Liberty, the Medical Foundation for the Care of Victims of Torture and Asylum Aid have joined with more than 40 organisations in a coalition to oppose government plans to cap legal aid to asylum seekers.
The Department for Constitutional Affairs wants to impose a limit of five hours on the amount of publicly-funded legal advice available to asylum seekers and immigration applicants.
In his speech to his party conference earlier this month, Prime Minister Tony Blair promised to "derail the gravy train of legal aid".
But the coalition argues that the plans will deny people the right to adequate legal representation and inadvertently boost costs by generating endless appeals to the courts.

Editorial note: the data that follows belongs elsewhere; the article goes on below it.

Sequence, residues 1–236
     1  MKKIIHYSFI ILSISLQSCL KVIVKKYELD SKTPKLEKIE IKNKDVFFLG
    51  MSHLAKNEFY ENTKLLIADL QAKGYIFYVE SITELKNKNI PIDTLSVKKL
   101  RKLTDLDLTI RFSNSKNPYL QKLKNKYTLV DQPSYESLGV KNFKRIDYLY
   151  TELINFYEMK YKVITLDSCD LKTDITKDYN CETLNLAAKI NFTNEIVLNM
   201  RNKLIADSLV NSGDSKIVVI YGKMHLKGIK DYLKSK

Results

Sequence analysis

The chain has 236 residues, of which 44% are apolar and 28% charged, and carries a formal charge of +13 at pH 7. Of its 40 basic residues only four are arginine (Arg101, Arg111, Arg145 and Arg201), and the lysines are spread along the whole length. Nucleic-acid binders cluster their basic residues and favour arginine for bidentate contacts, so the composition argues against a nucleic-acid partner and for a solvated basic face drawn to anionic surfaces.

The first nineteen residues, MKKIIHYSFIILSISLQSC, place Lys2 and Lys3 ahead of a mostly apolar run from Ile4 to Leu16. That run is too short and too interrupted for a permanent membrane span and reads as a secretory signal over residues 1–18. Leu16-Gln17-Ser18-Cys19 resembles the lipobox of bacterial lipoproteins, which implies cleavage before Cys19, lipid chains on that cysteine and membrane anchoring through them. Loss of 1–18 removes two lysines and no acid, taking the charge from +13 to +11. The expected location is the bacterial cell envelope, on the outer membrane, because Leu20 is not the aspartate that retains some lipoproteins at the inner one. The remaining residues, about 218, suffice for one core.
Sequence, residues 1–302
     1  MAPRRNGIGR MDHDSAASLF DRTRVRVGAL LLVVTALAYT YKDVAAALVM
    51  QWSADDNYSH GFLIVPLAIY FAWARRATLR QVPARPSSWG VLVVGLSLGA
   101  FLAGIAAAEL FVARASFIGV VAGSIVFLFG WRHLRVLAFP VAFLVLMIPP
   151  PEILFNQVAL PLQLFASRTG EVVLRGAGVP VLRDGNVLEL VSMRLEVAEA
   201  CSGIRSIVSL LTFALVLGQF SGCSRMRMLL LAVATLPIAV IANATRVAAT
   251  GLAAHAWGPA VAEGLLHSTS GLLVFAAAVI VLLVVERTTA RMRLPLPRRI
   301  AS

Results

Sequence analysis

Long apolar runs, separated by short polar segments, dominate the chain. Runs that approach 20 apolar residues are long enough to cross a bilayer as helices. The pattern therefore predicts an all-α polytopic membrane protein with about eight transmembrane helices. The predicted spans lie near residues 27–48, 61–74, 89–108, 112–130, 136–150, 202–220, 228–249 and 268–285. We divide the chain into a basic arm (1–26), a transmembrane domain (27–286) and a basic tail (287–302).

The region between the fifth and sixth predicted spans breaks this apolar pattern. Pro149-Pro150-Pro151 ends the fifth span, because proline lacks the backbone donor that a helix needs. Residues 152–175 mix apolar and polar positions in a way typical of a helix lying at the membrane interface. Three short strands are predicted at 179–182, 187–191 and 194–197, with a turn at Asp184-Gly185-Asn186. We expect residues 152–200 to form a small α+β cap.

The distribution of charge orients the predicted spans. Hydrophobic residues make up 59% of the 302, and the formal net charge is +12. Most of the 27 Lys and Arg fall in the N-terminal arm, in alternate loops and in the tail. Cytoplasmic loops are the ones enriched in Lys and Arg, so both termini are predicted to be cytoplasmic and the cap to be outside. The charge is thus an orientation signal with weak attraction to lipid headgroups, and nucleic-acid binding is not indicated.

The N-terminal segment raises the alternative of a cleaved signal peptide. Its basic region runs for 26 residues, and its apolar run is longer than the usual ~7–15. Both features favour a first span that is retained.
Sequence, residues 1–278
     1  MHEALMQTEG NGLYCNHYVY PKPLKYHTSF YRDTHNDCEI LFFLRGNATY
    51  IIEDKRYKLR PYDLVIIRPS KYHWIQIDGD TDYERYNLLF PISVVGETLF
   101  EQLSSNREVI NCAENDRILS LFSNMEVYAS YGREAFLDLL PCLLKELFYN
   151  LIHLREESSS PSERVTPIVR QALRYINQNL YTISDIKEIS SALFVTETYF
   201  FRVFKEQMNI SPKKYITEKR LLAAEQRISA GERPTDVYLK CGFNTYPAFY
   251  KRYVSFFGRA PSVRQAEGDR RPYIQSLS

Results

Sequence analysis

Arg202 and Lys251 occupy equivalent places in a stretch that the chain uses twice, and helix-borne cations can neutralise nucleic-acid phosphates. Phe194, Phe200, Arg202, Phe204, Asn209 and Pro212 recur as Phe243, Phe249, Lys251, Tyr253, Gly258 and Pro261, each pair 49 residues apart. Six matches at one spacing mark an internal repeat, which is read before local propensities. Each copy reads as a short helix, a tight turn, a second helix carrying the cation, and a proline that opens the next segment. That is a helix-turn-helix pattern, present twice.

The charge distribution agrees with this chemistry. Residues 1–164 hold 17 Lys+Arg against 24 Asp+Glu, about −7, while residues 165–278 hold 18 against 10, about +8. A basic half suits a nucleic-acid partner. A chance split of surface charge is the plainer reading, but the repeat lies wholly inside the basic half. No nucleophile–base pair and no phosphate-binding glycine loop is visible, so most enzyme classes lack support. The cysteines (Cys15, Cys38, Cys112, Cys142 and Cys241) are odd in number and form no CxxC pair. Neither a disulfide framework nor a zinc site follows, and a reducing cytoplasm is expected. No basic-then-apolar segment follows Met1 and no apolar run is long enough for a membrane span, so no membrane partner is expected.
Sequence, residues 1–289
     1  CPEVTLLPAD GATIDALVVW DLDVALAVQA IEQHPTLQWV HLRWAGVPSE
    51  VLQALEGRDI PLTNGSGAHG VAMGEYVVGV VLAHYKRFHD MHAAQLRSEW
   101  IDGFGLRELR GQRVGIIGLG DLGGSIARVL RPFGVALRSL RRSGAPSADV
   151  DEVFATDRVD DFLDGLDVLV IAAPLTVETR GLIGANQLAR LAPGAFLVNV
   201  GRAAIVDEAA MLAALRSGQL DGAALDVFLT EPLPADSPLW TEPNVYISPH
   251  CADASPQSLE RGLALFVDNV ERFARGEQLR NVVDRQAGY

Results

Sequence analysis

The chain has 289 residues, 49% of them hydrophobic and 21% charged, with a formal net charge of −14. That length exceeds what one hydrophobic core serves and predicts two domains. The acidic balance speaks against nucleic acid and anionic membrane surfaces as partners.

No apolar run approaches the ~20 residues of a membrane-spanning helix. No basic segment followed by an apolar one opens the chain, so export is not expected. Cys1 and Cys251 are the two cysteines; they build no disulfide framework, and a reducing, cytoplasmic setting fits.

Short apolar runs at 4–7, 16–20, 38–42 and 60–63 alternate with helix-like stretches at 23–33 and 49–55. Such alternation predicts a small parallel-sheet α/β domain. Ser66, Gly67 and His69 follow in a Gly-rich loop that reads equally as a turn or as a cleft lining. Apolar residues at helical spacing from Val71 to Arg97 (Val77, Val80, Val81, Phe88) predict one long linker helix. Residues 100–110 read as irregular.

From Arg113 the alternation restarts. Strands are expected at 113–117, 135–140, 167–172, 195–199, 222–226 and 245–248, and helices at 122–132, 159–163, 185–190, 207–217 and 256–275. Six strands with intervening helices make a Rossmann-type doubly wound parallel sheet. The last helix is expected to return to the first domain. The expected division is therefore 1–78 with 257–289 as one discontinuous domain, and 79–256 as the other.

Mark Littlewood, director of campaigns at Liberty, said: "There are civil liberties groups, community groups at the coal face and the legal profession in this coalition. We aim to demonstrate that the Government is standing alone, or maybe alongside the Daily Mail, in trying to push this through. It is a recipe for disaster."
The campaign will highlight "six-hour cases" - people who won the right to settle in the UK, but whose cases would have failed had the five-hour limit been in place.